The word “embolden” isn’t very obscure, but it’s hardly a word in ordinary use. I, for one, don’t have it in my writing or speaking vocabulary. Most politicians, consistent with their belief that swing voters are ignorant fools, try to keep their remarks at an eighth-grade reading level.
So it’s surprising to hear a candidate use the word “embolden.” It’s even more surprising to hear two candidates use the word in the same week. For example, George W. Bush yesterday paused from his attempt to decide whether he thinks we can win the war on terror to say that John Kerry’s criticism of his incompetence in occupying Iraq could “embolden an enemy.” The previous Sunday, John Thune of South Dakota — obviously a more concrete thinker — said that Tom Daschle’s words could “embolden the enemy.”
Since Thune spoke first, he couldn’t have been quoting his leader. And it seems unlikely that Bush was quoting Thune, or that speechwriters for both men would have independently come up with the same obscure word to express the same slimy thought.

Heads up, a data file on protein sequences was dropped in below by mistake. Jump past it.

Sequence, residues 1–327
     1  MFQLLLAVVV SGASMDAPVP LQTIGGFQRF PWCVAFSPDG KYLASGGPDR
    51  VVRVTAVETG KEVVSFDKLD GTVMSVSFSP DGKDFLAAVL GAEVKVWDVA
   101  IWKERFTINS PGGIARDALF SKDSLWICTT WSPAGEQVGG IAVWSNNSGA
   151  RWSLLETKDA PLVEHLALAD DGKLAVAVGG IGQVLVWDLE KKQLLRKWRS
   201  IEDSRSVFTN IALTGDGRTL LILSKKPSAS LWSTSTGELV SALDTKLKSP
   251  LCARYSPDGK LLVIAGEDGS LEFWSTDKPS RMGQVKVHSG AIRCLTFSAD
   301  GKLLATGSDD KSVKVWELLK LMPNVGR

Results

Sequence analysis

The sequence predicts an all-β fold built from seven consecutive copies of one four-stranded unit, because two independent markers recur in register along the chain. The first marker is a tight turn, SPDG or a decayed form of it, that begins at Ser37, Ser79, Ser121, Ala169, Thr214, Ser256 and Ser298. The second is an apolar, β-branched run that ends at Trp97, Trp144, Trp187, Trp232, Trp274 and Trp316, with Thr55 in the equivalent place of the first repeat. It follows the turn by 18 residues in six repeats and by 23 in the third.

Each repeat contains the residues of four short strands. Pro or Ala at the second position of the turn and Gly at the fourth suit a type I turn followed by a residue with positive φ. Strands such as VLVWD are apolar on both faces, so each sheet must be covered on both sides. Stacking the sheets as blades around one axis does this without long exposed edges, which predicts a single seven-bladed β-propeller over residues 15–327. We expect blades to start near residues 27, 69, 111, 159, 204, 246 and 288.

Thus a suspicious type might be led to infer the existence of a set of RNC talking points containing the word “embolden,” or even the phrase “embolden the enemy.” But I’m eager to avoid shrillness or irrational Bush-hatred, so I will express no such suspicion.
Consider, however, if you will, a more ordinary word than “embolden.”
Pronounce it, spell it, use it in a sentence. For example: “If voters fail to become enraged at this sort of slime-mongering, Republicans may be emboldened to repeat it.”